Looking For The Light

Looking For The Light



This past Sunday at Redeemer in South River New Jersey we looked at Mark chapter four verses twenty-one through twenty-five. The parable that Jesus speaks to his followers and those gathered along the Sea of Galilee is the “parable of the lamp”,

“ And he said to them, “Is a lamp brought in to be put under a basket, or under a bed, and not on a stand?  For nothing is hidden except to be made manifest; nor is anything secret except to come to light.”

What is this light that Christ tells us about? How is this light brought into our daily lives and how is this light to be used by followers of Jesus? These three ideas will be the focus of the post today.

What is the light? The light that Jesus is referring to is really two different things. For those who are hearing the parable and not allowing the deeper truth of God to rest in their hearts, the light Jesus speaks of is the light coming from the small terra cotta lamps that were filled with usually olive oil or some other oil that was flammable, these small lamps gave light to the dark nights in Israel and most of the world at this time. These lamps were the only source of light when the Sun went down, they allowed people to do things during times of darkness and they were mobile, you could take them from place to place.

Secondly, if your heart was open and being led by The Holy Spirit, then these words of Christ were going deeper then just a physical rendering of light; then you saw the light as something much different then your friends saw, you saw this light reflecting the truth, the truth of God coming from The Son of God. This light was not going to be contained in some man made vessel. This light could never be constrained inside boundaries made by man. This light was eternally present, before creation in eternity past, and now this light bridges the gap between the Scriptures of the Old Testament which promise the Messiah throughout it’s inspired pages, and the new covenant which shows the promise in Christ Jesus.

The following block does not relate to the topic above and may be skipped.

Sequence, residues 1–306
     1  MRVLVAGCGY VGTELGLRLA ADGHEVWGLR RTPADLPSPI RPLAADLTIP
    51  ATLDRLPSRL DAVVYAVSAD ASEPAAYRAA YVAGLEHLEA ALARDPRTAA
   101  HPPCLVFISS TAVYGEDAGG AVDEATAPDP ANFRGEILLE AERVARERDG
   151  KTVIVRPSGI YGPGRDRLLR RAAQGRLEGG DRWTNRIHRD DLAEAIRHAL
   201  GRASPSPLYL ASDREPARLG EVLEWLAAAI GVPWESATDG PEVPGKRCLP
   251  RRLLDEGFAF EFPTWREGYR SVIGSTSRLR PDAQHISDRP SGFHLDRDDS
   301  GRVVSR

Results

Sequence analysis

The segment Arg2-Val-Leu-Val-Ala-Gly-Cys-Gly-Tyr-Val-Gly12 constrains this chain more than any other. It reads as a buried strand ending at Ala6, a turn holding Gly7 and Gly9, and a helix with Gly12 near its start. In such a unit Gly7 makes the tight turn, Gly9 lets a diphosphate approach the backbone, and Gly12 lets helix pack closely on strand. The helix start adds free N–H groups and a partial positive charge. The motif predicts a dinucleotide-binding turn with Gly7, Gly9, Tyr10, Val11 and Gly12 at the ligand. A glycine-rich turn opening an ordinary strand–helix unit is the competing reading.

The light this person sees is not breakable like the lamp. This light is unbreakable and cannot be broken by anything this world does. The light that Jesus reveals to us in this parable is a light that destroys darkness, it doesn’t just light it up for a while like our terra cotta lamp, but it utterly and completely destroys darkness wherever this light goes.

So we are pushed into a new focus here, the light goes forth destroying darkness as it goes.

Our second focus question today is about the method of this light and how it is used by us the followers of Jesus Christ. We are helpless in our own attempts to gather this light and therein lies the rub, the more we work for the light, the further the light gets away from us. This light of Christ, his holiness, his underserved love, makes it’s way to us because of nothing that we do, but only through the amazing love of God, and that should make us see the light for what it is; a gift that has been given to us freely without any deserving work, simply because in God’s mysterious awesome love, he chose to give it to us.

Now, don’t get bogged down in the weeds, see the big picture, just look at how much God loves you, so much so that he gave you the gift of salvation. Hope is yours because of the awesome love of God through Jesus Christ; our future is secured because of this tremendous gift of light.